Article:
But, while it’s true that the rise of the gay and lesbian bar was in response to a need and to being ostracized from wider society, the function of dedicated spaces continues to be pivotal.
“Of course safety is paramount,” McHugh-Chiappone said, “but it’s not only about safety, it’s about comfortability, too, which I think is something that people negate.” It’s about being in a space where you are the default, where you don’t have to explain yourself.
That’s how Sharni Tapuke-O’Neal, the general manager at Henrietta Hudson, the only other lesbian bar in Manhattan, after Cubbyhole, explained it. “It was about the place. It was about having a space where you could come in and nobody was going to judge you,” she said, referring to the 1990s, when the bar first opened. “Nobody was going to misgender you. Nobody was going to turn around and say, ‘Oh, why are you wearing that? What are you? Are you bi, are you les?’”
Henrietta Hudson has been open for 30 years, and the distinction of being owned and managed by lesbian women, which hasn’t always been the case.
Lesbian spaces go back at least a century in New York City, but wouldn’t have been defined as such. “Over the decades, and in the past century, there have been shifts in the types of spaces that lesbians and queer women have used to gather,” said Gwen Shockey, an artist who runs the Addresses Project, which documents and maps those spaces in New York City.
During Prohibition, there were informal salons and tea rooms that were gathering spaces for lesbian women, such as Eve Adams’ Tearoom on MacDougal Street, which opened in 1925 and which police shut down less than a year later. There was supposedly a sign in the window that said, “Men are admitted but not welcome,” according to research by Gwendolyn Stegall, an architect at PBDW Architects, who wrote her master’s thesis on the subject.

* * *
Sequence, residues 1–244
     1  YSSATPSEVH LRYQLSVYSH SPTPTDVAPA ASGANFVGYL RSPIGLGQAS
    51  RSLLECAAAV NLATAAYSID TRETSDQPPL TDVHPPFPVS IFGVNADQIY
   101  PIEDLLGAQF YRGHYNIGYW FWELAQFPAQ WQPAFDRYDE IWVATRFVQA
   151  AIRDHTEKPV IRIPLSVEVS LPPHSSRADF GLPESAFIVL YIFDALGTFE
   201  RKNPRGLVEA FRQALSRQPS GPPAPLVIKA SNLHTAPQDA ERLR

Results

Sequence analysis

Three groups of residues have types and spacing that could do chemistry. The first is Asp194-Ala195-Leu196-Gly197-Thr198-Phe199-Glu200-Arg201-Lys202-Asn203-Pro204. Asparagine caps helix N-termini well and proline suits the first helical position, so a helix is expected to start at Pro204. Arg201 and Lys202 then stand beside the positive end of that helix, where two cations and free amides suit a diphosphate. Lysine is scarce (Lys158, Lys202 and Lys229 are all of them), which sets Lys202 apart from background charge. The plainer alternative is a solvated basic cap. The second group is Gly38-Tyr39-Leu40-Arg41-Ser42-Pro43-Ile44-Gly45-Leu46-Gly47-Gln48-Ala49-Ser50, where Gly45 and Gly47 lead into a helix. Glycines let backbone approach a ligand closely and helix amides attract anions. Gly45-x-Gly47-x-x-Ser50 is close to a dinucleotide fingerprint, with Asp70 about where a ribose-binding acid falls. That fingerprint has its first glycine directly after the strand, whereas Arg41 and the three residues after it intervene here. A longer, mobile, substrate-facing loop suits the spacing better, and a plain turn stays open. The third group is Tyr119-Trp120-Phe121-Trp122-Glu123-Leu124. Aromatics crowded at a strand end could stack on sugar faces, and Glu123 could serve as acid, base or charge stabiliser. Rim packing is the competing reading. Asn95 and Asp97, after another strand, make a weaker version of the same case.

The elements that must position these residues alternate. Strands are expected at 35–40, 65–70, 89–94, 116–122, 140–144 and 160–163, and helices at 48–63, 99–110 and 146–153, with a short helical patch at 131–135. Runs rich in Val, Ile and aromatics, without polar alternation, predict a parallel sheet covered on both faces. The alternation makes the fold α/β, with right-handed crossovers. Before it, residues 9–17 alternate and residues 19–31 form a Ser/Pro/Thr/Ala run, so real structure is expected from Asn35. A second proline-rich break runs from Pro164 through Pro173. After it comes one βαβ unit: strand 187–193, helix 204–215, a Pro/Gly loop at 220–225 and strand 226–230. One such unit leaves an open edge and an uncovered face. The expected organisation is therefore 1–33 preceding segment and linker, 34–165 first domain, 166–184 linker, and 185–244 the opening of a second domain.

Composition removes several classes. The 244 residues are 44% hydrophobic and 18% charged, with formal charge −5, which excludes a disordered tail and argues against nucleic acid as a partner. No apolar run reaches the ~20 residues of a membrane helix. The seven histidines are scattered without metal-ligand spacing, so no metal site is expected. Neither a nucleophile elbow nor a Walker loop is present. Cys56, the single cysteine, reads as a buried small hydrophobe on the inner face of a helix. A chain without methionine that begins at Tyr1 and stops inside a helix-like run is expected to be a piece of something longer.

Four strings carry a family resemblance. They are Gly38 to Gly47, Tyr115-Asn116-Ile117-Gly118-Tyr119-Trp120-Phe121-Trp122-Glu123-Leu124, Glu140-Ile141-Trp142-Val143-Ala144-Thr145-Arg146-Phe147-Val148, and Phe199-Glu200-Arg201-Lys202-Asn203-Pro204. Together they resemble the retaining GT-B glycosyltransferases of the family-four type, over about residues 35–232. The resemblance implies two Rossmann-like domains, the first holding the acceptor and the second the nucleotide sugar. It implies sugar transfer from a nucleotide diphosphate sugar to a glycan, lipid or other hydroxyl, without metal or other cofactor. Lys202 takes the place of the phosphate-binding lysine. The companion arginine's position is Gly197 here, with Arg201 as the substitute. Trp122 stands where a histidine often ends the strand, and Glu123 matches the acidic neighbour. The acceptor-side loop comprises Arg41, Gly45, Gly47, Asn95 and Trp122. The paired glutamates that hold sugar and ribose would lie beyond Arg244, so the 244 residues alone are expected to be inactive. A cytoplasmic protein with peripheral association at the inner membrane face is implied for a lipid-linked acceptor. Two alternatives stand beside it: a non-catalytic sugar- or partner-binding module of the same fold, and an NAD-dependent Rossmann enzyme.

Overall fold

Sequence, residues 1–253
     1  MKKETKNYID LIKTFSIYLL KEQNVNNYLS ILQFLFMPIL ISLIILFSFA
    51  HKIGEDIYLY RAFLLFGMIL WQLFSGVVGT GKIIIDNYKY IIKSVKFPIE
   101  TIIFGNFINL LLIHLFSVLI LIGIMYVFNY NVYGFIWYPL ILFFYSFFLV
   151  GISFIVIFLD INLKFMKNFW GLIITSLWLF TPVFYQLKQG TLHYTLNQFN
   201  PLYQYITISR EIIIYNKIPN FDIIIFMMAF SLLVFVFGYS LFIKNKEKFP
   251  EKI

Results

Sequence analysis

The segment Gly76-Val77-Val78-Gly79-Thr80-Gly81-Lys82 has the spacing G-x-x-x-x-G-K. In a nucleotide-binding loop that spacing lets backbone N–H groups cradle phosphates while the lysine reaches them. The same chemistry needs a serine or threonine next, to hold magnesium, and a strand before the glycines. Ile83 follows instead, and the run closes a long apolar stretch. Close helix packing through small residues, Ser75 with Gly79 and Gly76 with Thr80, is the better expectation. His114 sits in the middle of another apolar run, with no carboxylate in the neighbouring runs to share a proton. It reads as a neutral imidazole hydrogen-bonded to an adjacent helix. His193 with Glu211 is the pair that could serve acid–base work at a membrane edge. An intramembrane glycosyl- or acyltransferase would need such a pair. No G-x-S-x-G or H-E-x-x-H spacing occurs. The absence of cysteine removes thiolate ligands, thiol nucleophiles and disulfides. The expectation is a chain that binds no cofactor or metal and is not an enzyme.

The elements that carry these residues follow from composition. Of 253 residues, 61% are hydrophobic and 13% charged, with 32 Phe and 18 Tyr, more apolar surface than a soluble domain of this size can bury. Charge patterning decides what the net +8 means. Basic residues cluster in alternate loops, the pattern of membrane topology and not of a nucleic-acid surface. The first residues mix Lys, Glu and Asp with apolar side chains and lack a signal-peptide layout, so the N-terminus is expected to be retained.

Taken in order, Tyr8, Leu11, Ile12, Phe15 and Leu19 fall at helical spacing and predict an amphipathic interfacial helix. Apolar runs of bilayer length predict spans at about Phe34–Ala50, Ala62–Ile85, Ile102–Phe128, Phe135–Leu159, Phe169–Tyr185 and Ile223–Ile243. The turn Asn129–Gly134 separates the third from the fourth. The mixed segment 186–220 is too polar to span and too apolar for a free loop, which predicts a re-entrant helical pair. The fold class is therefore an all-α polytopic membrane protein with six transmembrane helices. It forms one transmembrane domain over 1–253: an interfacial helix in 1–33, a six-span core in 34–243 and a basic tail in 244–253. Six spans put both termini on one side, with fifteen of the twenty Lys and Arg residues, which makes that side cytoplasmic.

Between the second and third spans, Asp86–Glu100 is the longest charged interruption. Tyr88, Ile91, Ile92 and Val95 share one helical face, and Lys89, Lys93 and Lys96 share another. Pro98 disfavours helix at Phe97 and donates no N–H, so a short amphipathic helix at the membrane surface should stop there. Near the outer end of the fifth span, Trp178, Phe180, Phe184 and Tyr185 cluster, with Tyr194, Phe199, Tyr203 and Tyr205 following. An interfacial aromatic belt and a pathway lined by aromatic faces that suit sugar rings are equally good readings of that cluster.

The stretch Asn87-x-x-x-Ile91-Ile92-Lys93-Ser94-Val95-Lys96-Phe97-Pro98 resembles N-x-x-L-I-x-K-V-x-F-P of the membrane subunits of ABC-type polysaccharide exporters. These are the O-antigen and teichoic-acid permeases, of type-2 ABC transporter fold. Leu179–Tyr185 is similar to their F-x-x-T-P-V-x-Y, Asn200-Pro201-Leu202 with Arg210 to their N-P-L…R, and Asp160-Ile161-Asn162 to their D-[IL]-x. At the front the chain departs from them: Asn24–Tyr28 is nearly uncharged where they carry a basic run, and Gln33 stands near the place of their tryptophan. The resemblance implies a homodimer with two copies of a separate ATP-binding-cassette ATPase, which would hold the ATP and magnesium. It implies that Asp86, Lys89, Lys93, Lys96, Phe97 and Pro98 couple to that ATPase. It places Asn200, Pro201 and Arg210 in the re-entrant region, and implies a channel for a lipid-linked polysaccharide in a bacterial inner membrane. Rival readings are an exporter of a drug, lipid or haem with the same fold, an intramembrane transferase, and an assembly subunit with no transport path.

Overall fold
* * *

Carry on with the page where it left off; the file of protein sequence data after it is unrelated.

By the 1950s and 1960s, lesbian bars began cropping up more widely, and were mostly run by the mafia. They were divey, underground, and so often raided that the women’s detention center in Greenwich Village came to be known as the “country club” by lesbians in the know, according to research by Joan Nestle, author and co-founder of the Lesbian Herstory Archives.
As the 1960s gave way and the gay rights movement intensified, the number of gay and lesbian bars grew, especially in pockets of coastal cities, such as Manhattan and San Francisco. Bonnie & Clyde, opened in the 1970s on West Third Street, was the first to be owned by lesbian women, a major breakthrough.
In the 1980s, as the AIDS crisis ravaged the community and the gay rights movement intensified further, nightlife continued to be a bedrock of the queer community, and lesbian bars coupled as spaces for activism and organizing in addition to socializing. By the 1990s, when Mayor Rudy Giuliani was on a campaign to clean up the city, many gay and lesbian nightclubs began to shift.